HPV (Human Papillomavirus) is actually a group of over 100 sub-types of viruses in the same class. It is estimated that about 20 million Americans are infected each year and while it often goes away on its own, the more virulent strains of the virus can cause serious illnesses. It is estimated that about 80% of people will get HPV infection in their lifetime. More than 30 strains of this virus are known to cause cervical, mouth and throat cancer. Over 70% of cervical cancer in women is caused by HPV. The virus is transferred through sexual contact. Every year in the U.S. about 10,000 women get cervical cancer and 3,700 die from it. It is the second leading cause of cancer deaths among women around the world. It is also associated with several less common types of cancer in both men and women and it also can cause genital warts (growths on the surface tissues) and warts in the upper respiratory tract. According to data published by the U.S. Centers for Disease Control and Prevention (CDC) in 2018, during the period 2011-2015 there were 42,700 new cases of HPV-associated cancers each year, including about 24,400 among women and about 18,300 among men. Cervical cancer is the most common HPV-associated cancer in women, and oropharynx cancers (cancers of the back of the throat, including the tongue and tonsils) are most common among men. HPV-associated cancers are defined as those that occur in parts of the body where HPV is often found. The incidence rate of HPV-associated cancers (number of cases per 100,000 persons) varied by sex and race/ethnic group. The CDC found that in each racial group, women had higher incidence than men. Asian/Pacific Islanders had the lowest incidence. White women had an incidence of 13.9 cases per 100,000 persons and black women had 13.6 cases per 100,000. White men also had more cases than black men (10.9 per 100,000 versus 9.2 per 100,000, respectively. HPV-attributable cancer is one in which there is documented genotype from the cancer tissue. On this basis, about 90% of cervical and anal cancers and 70% of vaginal and vulvar cancers are documented to be caused by HPV.
Although there is no currently available cure for the virus itself, treatment is available for addressing the lesions caused by the virus. These include cryosurgery (freezing the warts), electrocautery (burning the warts off with electrical current, laser therapy (use of intense light to destroy the lesions). A prescription cream (do not use over-the-counter creams) is available for some cases of warts. However, preventing the cancers is better than having to treat them. If every parent were to ask if there were a vaccine that could be given to their children that would prevent them from developing six different cancers, the resounding answer is YES – the HPV (human papillomavirus vaccine). It has been available for more than 10 years and is real cancer prevention. It can prevent over 90% of the HPV causing cancers from ever occurring. So, who should get HPV vaccination? The CDC, which develops recommendations regarding all vaccines given in the U.S., advises the following:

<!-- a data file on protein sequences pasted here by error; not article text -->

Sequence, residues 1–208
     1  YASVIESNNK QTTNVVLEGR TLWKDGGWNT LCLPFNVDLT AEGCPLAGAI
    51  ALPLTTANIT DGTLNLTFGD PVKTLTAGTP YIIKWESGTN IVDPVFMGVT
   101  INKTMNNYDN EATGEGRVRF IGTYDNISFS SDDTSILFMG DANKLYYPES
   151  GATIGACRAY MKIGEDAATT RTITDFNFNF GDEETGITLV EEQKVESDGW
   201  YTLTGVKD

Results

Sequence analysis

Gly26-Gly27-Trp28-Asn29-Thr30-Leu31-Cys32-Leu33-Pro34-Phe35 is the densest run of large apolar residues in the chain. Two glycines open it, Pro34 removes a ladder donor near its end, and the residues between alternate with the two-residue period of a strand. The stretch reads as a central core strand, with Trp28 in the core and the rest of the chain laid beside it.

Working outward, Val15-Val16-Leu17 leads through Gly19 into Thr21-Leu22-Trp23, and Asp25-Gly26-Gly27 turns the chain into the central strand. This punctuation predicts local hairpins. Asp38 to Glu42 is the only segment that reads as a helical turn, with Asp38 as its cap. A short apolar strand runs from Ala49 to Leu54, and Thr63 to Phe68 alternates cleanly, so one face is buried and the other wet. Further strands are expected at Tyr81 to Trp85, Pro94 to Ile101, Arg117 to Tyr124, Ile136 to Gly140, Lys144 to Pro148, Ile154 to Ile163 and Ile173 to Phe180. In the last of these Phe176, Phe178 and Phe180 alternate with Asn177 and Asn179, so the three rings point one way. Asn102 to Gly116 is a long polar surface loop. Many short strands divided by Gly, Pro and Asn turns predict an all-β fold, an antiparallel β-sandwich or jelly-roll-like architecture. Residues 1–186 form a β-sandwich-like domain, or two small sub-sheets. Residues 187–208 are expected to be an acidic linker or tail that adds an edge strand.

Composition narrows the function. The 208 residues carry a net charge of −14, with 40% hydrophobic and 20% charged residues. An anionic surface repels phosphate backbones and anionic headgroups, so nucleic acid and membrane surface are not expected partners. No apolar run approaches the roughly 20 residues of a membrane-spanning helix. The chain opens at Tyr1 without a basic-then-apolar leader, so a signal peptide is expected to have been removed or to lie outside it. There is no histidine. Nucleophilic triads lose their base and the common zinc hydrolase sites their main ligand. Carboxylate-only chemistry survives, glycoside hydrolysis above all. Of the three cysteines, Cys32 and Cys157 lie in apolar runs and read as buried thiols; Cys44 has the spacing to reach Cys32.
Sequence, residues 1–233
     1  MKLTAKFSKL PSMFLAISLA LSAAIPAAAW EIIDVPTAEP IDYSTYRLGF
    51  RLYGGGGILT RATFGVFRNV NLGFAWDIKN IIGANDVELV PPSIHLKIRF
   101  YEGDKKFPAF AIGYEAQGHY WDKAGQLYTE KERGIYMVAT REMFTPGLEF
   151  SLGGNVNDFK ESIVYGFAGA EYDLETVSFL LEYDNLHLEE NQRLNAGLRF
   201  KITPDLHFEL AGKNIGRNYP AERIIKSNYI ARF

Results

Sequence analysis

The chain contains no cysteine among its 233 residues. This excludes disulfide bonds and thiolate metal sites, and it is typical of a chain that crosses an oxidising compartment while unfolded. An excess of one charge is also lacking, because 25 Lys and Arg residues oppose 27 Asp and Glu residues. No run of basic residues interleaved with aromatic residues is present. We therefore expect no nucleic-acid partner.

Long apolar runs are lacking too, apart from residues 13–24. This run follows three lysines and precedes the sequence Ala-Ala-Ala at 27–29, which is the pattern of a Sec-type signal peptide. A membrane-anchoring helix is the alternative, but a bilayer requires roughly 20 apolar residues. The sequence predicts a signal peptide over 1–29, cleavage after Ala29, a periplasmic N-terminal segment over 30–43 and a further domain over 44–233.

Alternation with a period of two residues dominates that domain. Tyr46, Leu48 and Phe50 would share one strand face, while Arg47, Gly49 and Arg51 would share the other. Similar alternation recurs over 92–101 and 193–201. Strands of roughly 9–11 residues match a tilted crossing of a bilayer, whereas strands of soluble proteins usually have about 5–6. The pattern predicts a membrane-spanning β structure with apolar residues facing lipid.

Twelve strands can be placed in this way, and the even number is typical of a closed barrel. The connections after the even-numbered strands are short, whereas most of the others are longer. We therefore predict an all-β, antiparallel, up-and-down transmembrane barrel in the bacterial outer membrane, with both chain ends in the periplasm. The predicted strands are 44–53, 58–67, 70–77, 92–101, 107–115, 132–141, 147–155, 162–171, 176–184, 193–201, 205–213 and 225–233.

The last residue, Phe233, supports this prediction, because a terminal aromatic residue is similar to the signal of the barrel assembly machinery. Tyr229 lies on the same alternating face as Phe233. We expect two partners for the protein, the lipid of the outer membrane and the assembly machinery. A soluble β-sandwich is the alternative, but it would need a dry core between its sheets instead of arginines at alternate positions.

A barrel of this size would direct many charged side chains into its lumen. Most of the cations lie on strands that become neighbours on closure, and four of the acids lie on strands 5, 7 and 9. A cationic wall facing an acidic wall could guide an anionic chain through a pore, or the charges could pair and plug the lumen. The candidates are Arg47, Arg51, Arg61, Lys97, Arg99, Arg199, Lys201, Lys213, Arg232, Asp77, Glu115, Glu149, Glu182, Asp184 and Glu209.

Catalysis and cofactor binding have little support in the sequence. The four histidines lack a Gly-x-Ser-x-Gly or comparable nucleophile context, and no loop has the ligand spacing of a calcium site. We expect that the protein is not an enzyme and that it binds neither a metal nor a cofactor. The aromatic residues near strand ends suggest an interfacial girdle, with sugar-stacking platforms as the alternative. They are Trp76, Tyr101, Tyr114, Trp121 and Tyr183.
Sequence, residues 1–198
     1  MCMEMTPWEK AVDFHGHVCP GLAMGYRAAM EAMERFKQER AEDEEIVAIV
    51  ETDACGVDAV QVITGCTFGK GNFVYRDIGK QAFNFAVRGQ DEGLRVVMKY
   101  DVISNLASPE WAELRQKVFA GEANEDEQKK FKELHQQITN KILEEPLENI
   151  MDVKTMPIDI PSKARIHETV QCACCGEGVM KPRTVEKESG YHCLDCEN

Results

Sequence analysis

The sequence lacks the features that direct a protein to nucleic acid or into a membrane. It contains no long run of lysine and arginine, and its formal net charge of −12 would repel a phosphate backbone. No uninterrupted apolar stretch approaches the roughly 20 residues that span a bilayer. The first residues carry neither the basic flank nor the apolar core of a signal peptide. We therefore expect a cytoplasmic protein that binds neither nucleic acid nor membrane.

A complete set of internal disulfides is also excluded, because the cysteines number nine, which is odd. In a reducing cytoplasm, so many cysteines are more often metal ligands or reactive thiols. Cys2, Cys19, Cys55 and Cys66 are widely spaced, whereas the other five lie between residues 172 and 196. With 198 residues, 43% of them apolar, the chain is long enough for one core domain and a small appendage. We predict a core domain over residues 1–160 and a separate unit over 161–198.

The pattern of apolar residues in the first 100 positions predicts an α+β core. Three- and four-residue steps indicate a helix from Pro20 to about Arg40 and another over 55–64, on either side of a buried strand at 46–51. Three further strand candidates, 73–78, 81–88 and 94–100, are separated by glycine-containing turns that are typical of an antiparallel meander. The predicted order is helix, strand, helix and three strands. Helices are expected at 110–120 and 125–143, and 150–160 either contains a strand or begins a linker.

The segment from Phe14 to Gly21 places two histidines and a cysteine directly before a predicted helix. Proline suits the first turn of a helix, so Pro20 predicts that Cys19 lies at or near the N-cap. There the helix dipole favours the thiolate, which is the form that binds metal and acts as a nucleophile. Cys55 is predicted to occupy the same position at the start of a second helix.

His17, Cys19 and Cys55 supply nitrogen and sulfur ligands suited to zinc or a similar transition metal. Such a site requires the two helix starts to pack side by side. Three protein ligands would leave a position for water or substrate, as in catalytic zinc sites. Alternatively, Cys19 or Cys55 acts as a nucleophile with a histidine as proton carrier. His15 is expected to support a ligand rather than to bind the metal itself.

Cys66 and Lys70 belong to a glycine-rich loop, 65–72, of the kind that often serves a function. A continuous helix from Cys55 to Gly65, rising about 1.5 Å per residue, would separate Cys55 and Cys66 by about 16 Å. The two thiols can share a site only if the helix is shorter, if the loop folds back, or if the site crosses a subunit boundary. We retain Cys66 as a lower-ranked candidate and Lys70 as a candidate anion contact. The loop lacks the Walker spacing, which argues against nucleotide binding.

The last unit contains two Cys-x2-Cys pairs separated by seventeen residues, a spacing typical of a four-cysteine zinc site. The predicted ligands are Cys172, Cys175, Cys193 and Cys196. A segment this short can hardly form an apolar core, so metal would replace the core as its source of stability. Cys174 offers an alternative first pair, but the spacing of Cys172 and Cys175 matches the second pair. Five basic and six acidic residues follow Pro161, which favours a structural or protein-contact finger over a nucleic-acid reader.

-All children aged 11 or 12 years should receive two (2) vaccine shots 6 to 12 months apart. If given less than 5 months apart, a third shot will be required.
-HPV vaccine is recommended for young women through age 26 and young men through age 21
-Adolescents who got their first dose at age 15 or older require 3 doses.
-Persons who have completed a valid series with any of the current HPV vaccines do not need any additional doses.
Like any other immunizations that guard against viral infections, HPV vaccines stimulate the body’s immune system to produce antibodies that bind the virus and prevent it from infecting cells. The current vaccines are based on the virus-like particles from the surface components of the virus, making them non-infectious. Some parents may ask, “Why do the children need to receive the vaccine at such a young age?” While it is always better to give vaccines earlier rather than later, getting the HPV vaccine early protects your child long before they are exposed to the virus that causes several types of cancer. Side effects from this vaccine are extremely rare and are usually very mild, if they do occur, such as soreness at the site and possibly a brief low-grade fever. Getting the HPV vaccine does not make your child start engaging in sexual activity.
If you have questions about this vaccine, ask your or your child’s physician, but do not place your child or yourself in jeopardy of a cancer or a viral wart that can easily be prevented.
Just as the philosopher has said, “An ounce of prevention is better than a pound of cure.” Sometimes in health disorders, the treatment can be more bothersome than the disorder itself. So, why not prevent a disease that you do not need to be victimized by?
“The prudent sees danger and hides (protects) himself, but the simple go on and suffer for it.” (Prov. 27:12)
“The way of the fool is right in his own eyes, but the wise man listens to advice.” (Prov. 12:15)
“Where there is no guidance a people falls, but in an abundance of counselors there is safety.” (Prov. 11:14)
John W. Downing, Jr., M.D.